There are clinics in just about every neighborhood and even on campus.  Just call your insurance or check online to locate the most convenient one for you.

Beyond the clinics operated by your healthcare provider, there are several first aid centers located throughout the country and in Beer-Sheva.

In case of injury, your first step should always be to call your health-care provider, however, if you need urgent care, you may visit one of these centers below during evening hours or on holidays when offices are closed. You will be asked for a fee of approximately 80 NIS per visit. Ask for the doctor’s summary of the visit and a receipt of payment, which is non-refundable.

In case of emergency, dial 101 from an Israeli phone.


The Emergency Room (Hebrew: miyun) in Israel works differently than in other countries. If it is truly a life-threatening emergency, don’t hesitate to go to the ER. If it is not life-threatening (broken bone, minor accident, etc.), you may be charged around 1200 NIS if you do not have a referral from your family doctor, house-call doctor, or night clinic doctor. Always keep your health insurance card with you, and if possible, your passport. It will significantly expedite things when you get to the hospital in case of an emergency.

Israel enjoys long, warm, dry summers (April – October) and generally mild winters (November – March). Rainfall is relatively heavy in the north and center of the country, with much less precipitation in the Negev region (where BGU's campuses are located).

Weather in Beer-Sheva:

  • Summer (June – September): Extremely hot and dry. Very small chance of rain. Sometimes humid or hazy at night. Day: 32–41°C (90–105°F) Night: 21–27°C (70–80°F)
  • Fall (October – November): Warm and sunny, with infrequent/sporadic rain. Day: 27–32°C (80–90°F) Night: 15–21°C (60–70°F)
  • Winter (December – March): Mostly sunny, colder nights. Rain is surprisingly frequent during the winter. While Israel’s winter temperatures may not be considered cold by many people, most homes here are not heated or insulated, and it can get chilly indoors when there’s a strong wind. Some A/C units also have heating capability, but it is common for locals to rely on small space heaters. Day: 10–15°C (50–60°F) Night: 4–10°C (40–50°F)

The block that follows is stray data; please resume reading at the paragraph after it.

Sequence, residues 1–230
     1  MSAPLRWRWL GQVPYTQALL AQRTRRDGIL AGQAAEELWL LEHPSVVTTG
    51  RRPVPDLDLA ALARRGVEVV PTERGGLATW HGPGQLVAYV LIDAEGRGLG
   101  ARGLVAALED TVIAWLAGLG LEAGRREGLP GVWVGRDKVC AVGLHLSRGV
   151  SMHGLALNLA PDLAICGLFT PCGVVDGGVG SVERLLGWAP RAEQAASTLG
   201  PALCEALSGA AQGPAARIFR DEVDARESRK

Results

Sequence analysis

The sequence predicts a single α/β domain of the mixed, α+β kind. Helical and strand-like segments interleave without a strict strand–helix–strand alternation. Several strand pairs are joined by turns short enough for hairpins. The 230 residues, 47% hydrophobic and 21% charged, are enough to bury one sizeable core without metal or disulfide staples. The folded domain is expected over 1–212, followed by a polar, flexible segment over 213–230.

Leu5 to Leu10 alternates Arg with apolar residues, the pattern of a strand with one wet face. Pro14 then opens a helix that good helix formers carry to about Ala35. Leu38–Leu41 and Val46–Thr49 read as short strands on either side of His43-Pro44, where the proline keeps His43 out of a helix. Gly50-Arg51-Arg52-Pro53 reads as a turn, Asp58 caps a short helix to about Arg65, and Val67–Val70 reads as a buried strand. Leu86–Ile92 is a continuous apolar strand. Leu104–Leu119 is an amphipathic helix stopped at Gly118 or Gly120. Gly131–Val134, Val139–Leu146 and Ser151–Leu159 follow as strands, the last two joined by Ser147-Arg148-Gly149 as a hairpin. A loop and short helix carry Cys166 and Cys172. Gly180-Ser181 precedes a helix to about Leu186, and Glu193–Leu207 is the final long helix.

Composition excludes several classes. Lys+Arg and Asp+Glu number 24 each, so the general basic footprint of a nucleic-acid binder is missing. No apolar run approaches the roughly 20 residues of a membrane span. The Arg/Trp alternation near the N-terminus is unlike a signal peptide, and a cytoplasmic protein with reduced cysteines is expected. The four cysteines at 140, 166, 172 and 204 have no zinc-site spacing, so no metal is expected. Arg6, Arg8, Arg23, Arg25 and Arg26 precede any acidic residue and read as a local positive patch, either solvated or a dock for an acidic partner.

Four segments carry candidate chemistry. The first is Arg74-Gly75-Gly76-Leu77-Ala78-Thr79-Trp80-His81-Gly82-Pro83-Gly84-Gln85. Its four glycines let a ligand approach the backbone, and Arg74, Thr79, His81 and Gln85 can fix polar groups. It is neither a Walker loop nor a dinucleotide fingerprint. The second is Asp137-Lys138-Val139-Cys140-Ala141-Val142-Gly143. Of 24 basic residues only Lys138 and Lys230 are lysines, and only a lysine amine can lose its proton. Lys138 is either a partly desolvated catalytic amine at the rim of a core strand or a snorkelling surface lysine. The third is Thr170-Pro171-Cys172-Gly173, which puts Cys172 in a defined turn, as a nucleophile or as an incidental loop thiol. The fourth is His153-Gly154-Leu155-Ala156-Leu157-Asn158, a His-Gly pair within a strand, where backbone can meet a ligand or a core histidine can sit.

• Spring (April – June): Pleasant with warm and sunny days. Cool nights through June. Day: 21–29°C (70–85°F) Night: 15–21°C (60–70°F)

Israel is home to approximately 8.2 million inhabitants. The population of Israel is 75% Jewish, 21% Muslim, and 4% other religions, including Druze religion and Christianity, secular and observant alike.  Israel is a country made up of immigrants from all over the world.  You can expect to hear a variety of languages such as Hebrew, Arabic, Russian, Amharic, and English spoken at most urban hubs.

Beer-Sheva is a thriving city with a unique mix of immigrants from Morocco, Ethiopia, the former Soviet nations, and Eastern European countries, and is also home to a large Bedouin population.

Israel is home to many different religious communities - most notably Jewish and Muslim populations. As Israel was established as a Jewish State, the Jewish religion and tradition play a major role in shaping Israeli culture and lifestyle, while freedom of religion is anchored by law. The impact of the Jewish religion is noticeable to foreigners in day-to-day life, especially during religious holidays and on Friday nights and Saturdays, the Jewish Sabbath (locally called Shabbat).

Shabbat is a weekly Jewish ritual lasting 25 hours, from sundown on Friday to just after sundown on Saturday. Observant Jews will not work, spend money, or use electricity. A festive meal is often shared with family and friends on Friday nights. Shops and many restaurants are closed, and public transportation does not operate from Friday afternoon (starting around 2–4 p.m.) until Saturday evening.

Please be aware that other religious holidays also follow the same observances as Shabbat, even if they fall in the middle of the working week. Take note of the university academic calendar for when such holidays are.

Our students traveling throughout Israel